For today's Warm Up assignment, I have provided students one pair of linear equations that Oni has solved using elimination. I ask students to decide whether they agree with her or not. Since there are a variety of strategies they could use to decide, I want to see which students tackle this problem easily as well as those who struggle. I make note of each on my observation clipboard which I carry during Warm Up and Work Time.
Once the timer sounds after 5 minutes, I poll the class to see who agrees and who disagrees. I then ask for volunteers to share how they know. While some students may actually solve the system, others may simply substitute the values into the equations to see if they work. I want to continue to model that I value a variety of approaches, so I ask for other students to volunteer their ideas if they differ.
Once we come to consensus as a class, we move directly to the day's learning objective, which I display on the Smartboard.
After Warm Up, I introduce today's Learning Objective and ask the students to solve the problem displayed. I then point out that this system had one solution. I reveal the next slide and ask students to solve the left problem with me. After multiplying both sides of the first equation by 6 so that we can eliminate a variable, both variables add to zero on the left side of the equation. I then record the right side of the equation. I explain that just like when we solved one-step linear equations and when we graphed solutions to systems, solving by elimination can have three outcomes: One solution, No solutions, and Infinitely many solutions.
I ask which of these options does 0 = -48 match. I then poll the class and ask individuals to explain their votes.
I then proceed to the third example system and ask the students how they would like to solve it. Once we have multiplied the bottom equation by 2, I ask students to notice what is happening. I then poll the class about the solution when we get 0 = 0. I then suggest we put both equations in slope-intercept form to compare. When the equations are equivalent, I ask what that means as far as solutions. I want the students to begin processing the characteristics of the three types of solutions.
I then reveal a graphic organizer for a Solution Analysis. I direct students to turn and talk with their group about what specific characteristics they notice about each of the three example problems we just solved. I set the timer for 8 minutes and ask students to record their ideas in their journals.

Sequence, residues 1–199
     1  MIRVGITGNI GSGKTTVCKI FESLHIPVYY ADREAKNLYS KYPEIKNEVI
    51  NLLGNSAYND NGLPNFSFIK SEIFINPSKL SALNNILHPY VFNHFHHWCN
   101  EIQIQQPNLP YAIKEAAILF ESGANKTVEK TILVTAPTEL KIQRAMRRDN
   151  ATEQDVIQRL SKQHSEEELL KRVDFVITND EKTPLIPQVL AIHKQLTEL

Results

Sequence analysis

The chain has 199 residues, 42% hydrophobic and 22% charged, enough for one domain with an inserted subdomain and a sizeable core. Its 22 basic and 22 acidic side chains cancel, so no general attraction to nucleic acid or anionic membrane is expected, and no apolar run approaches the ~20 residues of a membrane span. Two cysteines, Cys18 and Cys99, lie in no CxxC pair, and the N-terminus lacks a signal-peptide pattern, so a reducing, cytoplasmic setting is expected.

When the timer sounds, I ask for volunteers to share their group's ideas. As a class, we come to consensus about whether the characteristic is something that is always true or sometimes true. I record only those characteristics that are always true.
After coming to consensus about characteristics of special case systems, I introduce today's Work Time assignment: Solving Systems by Elimination- Special Cases. It is made up of 10 systems problems that students must first classify by solution. If they decide the system has only one solution, I ask them to find that solution.
I set the timer for 15 minutes. When time is up, I call the students' attention to the Smartboard for consensus building.
For Building Consensus, I once again reveal the graphic organizer used previously to document the characteristics of the different systems. I ask one group to list the numbers of the problems they found to have one solution. I then ask another group to give me the numbers of the problems with no solutions. Finally, I write the remaining numbers under the 'infinitely many solutions' column. I ask for consensus. If all students agree, we move back to the first column and record the solutions.
If we do not have consensus, I ask students to refer back to their chart and site specific evidence that helped them to decide how many solutions the system would have. We continue until all students agree with our classification of today's problems.